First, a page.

How not to get lost in translation

I’ve recently been working on some translations of courses created by another developer. He had already translated one of the courses into Chinese. I had to do translations of two courses into Turkish, Russian and Polish, none of which I know.

Vintage engraving of a translatorThe courses were in Articulate Storyline. For each, I was provided with the Storyline file in English, a script translated into the target language, and one or two audio files for each course containing the voiceover for all the slides of that version. All the courses contained videos for which I had to provide subtitles in the target language.  The three translations differed widely in their approach to audio and script.

From this experience I discovered some things that make it harder and some that make it easier, which I’ll offer here in case you have a similar job but don’t have a process in place already.

1 – the audio files

Think it’s hard finding your way around a foreign town?  Try finding your way around an audio file in a language you know nothing about! You have a 30m waveform in front of you with little idea where one slide ends and the next begins.

The quality of the audio files varied.  For one of the courses, I was given three audio files which covered the entire course. One of them was recorded in stereo for no particular reason – there was only one voice – so I resaved it as mono to reduce file size. One of the three had been recorded under different conditions – perhaps a different room, or the narrator sitting further from the mic, from the other two.  I had to do quite a bit of tweaking to make them sound consistent. This narrator would hesitate, retake sentences or even parts of sentences, and even occasionally comment to someone else in the room, so there was a lot of editing to remove these hesitations. I highlighted the section of the audio specific to the slide I was working on, and saved the selection as a separate file to import into Storyline.

At least this one helpfully spoke the slide numbers in English, which enabled me to find where I was in the course.  One of the others said them in the target language, which was no use to me, and the other just didn’t say them!  For Russian I had to go to the lengths of learning the Russian alphabet (via Memrize) just so I could figure out where what I was reading matched what I was hearing

2. the Storyline slides

I had a couple of problems with the slides. One was that Storyline authors often uses layers and states to show and reveal text on a slide. If the translator is working from a Storyline Word output, they may not see these and not give a translation.  The second is inevitable – some translations end up in much longer text than the English version. So your screen design may have to change to accommodate them. You may have to use a different font from the original – one of my courses used a ‘whiteboard marker’ font which didn’t have Russian or Polish characters. I had to find a similar font and supply it to the original author.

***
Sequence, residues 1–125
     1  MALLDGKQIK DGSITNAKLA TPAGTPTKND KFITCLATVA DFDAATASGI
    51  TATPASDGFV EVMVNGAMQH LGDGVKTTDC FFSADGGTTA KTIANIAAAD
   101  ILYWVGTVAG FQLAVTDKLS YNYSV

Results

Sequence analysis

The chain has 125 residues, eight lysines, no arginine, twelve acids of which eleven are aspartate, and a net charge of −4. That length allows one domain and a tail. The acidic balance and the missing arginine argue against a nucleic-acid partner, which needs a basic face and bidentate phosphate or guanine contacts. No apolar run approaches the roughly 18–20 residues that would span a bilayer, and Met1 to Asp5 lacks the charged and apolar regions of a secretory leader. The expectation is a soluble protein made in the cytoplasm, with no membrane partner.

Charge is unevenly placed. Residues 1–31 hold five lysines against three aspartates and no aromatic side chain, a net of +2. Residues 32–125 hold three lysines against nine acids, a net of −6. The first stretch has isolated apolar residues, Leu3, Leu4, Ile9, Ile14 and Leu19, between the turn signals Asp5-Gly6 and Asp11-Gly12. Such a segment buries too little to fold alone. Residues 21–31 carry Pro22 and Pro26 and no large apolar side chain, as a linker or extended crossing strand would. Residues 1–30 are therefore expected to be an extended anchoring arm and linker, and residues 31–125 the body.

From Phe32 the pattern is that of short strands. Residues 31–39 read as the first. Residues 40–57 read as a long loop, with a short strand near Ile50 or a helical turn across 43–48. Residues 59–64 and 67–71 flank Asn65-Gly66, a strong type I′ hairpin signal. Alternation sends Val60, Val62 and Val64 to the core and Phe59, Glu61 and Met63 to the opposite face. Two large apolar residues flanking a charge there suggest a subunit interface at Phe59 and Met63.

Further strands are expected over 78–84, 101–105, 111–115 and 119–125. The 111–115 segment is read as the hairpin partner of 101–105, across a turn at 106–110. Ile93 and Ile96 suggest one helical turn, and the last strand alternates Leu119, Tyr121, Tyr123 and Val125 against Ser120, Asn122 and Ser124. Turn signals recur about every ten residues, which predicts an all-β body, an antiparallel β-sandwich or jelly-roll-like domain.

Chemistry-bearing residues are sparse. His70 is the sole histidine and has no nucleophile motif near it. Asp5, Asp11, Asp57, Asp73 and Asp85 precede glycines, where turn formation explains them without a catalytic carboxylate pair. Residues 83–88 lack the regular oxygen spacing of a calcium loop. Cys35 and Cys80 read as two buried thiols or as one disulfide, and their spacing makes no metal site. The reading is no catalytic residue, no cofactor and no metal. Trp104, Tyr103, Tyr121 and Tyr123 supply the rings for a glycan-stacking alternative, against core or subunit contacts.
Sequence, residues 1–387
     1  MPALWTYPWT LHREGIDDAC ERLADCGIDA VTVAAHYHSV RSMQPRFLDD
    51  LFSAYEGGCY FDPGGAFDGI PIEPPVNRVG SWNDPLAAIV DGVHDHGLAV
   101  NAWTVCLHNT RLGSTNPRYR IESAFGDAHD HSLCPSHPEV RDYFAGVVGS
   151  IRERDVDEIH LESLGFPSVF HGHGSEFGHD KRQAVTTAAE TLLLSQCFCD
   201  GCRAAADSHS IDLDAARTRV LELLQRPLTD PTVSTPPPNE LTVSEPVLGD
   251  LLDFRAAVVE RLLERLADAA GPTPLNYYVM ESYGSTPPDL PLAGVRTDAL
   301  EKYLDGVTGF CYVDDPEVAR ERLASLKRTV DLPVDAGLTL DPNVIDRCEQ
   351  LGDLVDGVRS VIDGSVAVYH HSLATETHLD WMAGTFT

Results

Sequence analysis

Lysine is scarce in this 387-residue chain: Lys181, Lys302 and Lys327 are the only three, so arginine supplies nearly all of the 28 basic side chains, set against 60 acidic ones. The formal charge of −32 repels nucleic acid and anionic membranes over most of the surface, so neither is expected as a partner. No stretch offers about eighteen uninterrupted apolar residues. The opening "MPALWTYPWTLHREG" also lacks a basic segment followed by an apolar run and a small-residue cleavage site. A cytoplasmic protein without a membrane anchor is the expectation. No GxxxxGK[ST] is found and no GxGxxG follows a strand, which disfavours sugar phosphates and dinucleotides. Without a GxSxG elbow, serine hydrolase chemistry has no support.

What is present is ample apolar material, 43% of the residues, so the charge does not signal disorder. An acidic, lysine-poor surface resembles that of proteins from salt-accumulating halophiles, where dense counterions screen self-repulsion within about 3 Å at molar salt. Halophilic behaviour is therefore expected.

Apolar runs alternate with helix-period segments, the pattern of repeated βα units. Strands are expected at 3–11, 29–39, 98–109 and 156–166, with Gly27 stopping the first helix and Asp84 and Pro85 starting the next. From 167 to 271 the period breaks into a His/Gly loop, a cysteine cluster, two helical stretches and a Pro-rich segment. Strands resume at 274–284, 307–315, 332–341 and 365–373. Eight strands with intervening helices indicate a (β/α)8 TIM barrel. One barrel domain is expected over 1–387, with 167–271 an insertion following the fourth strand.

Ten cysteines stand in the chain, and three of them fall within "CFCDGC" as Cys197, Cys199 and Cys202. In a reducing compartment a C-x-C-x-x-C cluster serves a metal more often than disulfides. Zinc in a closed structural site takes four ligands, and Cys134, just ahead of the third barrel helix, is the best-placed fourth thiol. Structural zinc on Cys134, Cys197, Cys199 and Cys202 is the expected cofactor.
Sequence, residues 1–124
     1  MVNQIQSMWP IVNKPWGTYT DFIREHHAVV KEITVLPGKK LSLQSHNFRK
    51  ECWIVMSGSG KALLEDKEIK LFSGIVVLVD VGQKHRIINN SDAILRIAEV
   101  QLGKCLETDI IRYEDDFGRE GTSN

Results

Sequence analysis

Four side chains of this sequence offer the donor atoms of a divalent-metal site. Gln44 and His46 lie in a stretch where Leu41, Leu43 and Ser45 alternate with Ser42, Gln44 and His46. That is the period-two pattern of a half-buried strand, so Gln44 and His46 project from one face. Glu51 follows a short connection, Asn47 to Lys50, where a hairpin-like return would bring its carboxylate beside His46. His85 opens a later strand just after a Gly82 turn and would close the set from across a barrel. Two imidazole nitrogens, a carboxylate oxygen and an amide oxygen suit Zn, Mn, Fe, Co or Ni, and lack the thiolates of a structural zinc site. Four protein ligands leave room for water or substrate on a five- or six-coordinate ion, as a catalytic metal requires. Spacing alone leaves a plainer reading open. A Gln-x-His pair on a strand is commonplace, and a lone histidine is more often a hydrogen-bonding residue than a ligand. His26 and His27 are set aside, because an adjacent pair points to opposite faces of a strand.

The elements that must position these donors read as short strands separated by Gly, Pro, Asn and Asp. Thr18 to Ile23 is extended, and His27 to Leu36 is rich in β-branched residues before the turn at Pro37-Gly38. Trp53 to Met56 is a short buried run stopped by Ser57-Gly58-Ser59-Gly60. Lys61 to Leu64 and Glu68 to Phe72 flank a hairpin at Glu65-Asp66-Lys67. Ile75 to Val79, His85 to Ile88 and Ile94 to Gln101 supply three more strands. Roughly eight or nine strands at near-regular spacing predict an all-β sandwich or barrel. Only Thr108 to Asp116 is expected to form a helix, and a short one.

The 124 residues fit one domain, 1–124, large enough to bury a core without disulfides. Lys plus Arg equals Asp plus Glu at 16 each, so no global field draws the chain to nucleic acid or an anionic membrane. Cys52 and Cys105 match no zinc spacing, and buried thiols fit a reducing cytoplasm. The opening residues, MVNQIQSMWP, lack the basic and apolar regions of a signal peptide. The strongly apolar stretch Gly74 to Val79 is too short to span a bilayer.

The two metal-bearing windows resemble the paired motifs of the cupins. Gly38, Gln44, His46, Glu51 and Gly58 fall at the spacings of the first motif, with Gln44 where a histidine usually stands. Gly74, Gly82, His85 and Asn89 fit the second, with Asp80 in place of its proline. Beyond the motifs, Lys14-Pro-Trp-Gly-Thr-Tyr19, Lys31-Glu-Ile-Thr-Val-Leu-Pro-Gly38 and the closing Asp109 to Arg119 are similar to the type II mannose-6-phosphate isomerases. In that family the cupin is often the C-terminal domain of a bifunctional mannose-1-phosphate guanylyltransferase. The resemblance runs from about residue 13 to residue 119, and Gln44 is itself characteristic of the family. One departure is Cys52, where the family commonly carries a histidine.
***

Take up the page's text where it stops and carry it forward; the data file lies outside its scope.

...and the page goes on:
3. Prompts

One translator forgot to include all the prompts – Next, Back, Submit, Menu etc. Another didn’t supply the slide titles, so the menu appeared in English.

4. Checking the translation

In one translation the translator typed the translation below the slide. Often it wasn’t clear which translated term corresponded to which English term.  This is where Google translate proved handy. I’d put a group of Russian or Polish words or sentences into the left-hand window of Google translate; the English translation was often wacky but close enough to give me an idea what was meant. By hitting Return in the left-hand window to isolate words or phrases, the English translation got paragraph breaks in the corresponding places. Gradually by trial and error I could figure out what phrases corresponded to the phrase I was looking to replace.  It’s OK to use Google translate to get your orientation like this, but you’d never want to use it for text the translator hasn’t provided. That way lies madness.

This is not to criticise the translators – everyone was learning how to do this as we went. With all this in mind, here are some guidelines that might be useful to you if you’re working with translations of elearning courses.

Supply the translators with

* an up to date script that corresponds to the version of the course they’re looking at
* clear indication what needs to be audio and what is text only (for example video subtitles script is text only, no need for audio)
* slide titles
* all on-screen text that needs to be translated including
* buttons  – Back, Next, Submit
* any content hidden in layers or mouseovers
* question feedback

Translators should supply


* One audio file per scene/section, not one for the whole course
* The file should be mono, preferably a high quality mp3, not WAV, to reduce file size
* Slide numbers spoken in English before each slide’s content
* Gaps of ten seconds between slides
* Retakes, hesitations, coughs, page turnings and repetitions edited out before the file is handed over


* Where slides are complex with many small text boxes, a table with the English terms and equivalents is easiest to work with
* Text should as far as possible be the same length as the English, especially with labels appearing on a slide – to replace an eight-letter English word with a 20-letter word often means something else on the screen may have to be removed, or resulting translated text may be too small to read

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